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RBI's parting shot!

Mar 31, 2007

The Reserve Bank of India has ended FY07 with a 50 basis points increase in the Cash Reserve Ratio (CRR) for the banking sector to 6.5% to be made effective in two tranche of equal installment on April 14 and April 28, 2007. With these in place, the ‘loanable’ funds of the banking sector will be reduced further by Rs 155 bn from the current Rs 17,201 bn. As if to re-iterate the firmness in handling the inflationary situation, the RBI has also hiked the ‘repo’ rate from 7.5% to 7.75%, making the banking sector’s recourse to RBI credit more expensive. Banks have been borrowing to lend; the outstanding credit for the sector as a whole as of 2nd March 07 was Rs 18,464 bn, while its loanable funds after reducing the existing CRR and SLR requirements are Rs 17,201 bn.

The worry is Consumer Price Inflation (CPI)
(%, YoY) Feb-07 Feb-06
CPI Industrial Workers 7.6 5.0
CPI Urban Non Manual Workers 7.8 4.8
CPI Agricultural Labourers 9.8 5.0
CPI Rural Labourers 9.5 4.7
Source: RBI
Obviously the recent spate of interest rate hikes since December 2006, have slowed the credit growth but not to the extent the central bank wants it to. Credit growth has been slower at 29.5% as against 32.7% a year ago. And deposits have grown by 24.8% as against 18% a year ago.

As expected, the manufactured goods component of the Wholesale Price Index (WPI), accounting for 63% of its weight, has shown a 6.6% YoY increase in February 2007 as against 1.7% in February 2006. The growth in money supply has out paced the growth in the supply of goods, raising their prices while primary food articles prices suffered on the back of a bad agricultural year. The RBI has absorbed Rs 239 bn in two months through its Market Stabilisation Scheme to combat the growing money supply (M3). Money supply has also been increasing due to a net positive inflow of US$ 18.6 bn (approximately Rs 818 bn) in the last two months.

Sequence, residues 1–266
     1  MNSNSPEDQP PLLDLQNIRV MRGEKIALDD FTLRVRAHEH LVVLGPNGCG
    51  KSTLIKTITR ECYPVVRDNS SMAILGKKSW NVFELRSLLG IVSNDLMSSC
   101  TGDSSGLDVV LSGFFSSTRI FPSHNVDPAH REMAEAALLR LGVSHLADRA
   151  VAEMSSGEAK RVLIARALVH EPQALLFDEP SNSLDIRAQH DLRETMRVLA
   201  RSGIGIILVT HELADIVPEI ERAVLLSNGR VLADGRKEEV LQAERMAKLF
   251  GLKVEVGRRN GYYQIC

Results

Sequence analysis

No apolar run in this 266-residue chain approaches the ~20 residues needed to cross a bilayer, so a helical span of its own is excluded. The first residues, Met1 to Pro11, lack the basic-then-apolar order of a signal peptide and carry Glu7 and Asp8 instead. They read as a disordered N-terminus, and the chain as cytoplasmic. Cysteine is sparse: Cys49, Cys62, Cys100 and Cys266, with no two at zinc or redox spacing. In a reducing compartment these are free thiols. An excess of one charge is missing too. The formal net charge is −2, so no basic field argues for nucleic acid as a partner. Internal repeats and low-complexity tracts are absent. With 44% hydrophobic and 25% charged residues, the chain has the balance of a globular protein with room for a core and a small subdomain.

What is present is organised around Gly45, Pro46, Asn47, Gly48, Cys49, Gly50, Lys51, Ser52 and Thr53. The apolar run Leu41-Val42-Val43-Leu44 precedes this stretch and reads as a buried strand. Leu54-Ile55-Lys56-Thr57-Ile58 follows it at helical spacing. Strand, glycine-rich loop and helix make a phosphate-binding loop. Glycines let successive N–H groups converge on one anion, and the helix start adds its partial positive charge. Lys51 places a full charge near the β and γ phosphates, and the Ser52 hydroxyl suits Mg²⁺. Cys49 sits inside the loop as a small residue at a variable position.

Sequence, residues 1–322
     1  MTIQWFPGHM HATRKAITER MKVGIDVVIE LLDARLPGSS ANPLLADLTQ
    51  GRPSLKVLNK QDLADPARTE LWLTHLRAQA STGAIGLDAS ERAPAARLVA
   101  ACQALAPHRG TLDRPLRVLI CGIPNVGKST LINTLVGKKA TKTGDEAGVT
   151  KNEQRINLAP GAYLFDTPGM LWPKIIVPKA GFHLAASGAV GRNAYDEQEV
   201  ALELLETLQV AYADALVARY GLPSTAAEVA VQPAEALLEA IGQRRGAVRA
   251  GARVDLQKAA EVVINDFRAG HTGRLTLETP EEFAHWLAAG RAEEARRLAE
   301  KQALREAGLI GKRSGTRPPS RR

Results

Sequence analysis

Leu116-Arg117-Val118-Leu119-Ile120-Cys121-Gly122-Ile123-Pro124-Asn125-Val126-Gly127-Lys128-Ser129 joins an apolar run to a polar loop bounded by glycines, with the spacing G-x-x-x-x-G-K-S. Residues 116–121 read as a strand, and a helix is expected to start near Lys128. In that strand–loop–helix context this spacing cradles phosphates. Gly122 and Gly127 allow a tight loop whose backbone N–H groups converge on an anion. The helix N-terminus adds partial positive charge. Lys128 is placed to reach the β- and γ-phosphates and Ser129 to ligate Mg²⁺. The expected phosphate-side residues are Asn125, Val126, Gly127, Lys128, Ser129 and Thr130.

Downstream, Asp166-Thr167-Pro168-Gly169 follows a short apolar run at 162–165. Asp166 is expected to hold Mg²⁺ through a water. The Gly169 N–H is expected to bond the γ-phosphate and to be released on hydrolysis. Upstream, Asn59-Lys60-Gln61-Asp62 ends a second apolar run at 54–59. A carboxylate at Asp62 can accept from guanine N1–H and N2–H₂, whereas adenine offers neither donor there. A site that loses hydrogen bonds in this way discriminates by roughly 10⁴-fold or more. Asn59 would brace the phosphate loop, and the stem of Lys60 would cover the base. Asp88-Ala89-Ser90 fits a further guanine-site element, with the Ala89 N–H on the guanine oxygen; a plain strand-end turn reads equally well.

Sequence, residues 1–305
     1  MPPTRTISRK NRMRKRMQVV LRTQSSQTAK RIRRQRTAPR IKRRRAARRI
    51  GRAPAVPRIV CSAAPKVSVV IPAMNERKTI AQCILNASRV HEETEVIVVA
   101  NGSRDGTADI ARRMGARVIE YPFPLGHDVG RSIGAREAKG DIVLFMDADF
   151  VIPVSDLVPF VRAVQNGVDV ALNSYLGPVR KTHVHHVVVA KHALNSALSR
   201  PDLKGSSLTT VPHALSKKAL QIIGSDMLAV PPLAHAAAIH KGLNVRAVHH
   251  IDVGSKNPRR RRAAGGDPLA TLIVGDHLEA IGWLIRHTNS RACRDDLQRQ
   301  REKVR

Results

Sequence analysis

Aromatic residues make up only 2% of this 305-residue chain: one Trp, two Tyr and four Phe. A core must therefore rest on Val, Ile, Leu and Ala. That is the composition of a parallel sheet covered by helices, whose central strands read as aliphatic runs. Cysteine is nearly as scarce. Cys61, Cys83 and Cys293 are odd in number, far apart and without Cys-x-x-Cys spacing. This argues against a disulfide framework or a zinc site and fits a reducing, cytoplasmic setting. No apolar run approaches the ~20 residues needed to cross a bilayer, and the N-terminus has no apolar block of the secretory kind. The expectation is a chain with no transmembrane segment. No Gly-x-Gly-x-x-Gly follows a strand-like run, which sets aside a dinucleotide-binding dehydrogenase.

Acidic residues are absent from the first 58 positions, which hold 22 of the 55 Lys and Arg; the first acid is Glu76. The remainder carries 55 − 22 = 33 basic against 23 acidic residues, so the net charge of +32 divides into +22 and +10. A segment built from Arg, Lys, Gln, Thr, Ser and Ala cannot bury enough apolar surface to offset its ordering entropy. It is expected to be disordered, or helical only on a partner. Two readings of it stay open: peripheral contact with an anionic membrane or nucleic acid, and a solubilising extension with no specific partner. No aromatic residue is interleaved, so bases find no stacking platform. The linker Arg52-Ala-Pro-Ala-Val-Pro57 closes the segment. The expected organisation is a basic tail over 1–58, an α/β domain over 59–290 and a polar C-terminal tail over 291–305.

Lasting effects
The genesis of this increased M3 growth can be traced to the untrammeled monetisation of the government deficits by the Reserve Bank in FY06. And all that money has literally gone down the drain as the government actually reduced its capital expenditure. The FY08 budget promises similar government excesses, though thankfully the RBI will no longer print more money for it. This will raise interest rates, which will hurt the productive sections of the economy. The large companies will borrow from the inexpensive world markets, but the smaller and medium enterprises will get affected; while the government crowds them out and spends on its skewed priorities.

This round of interest rate hikes will definitely hurt the investment sentiment as well as growth for the next two years, falsifying Mr. Chidambaram’s fond hopes of 9% growth every year for the next ten years!

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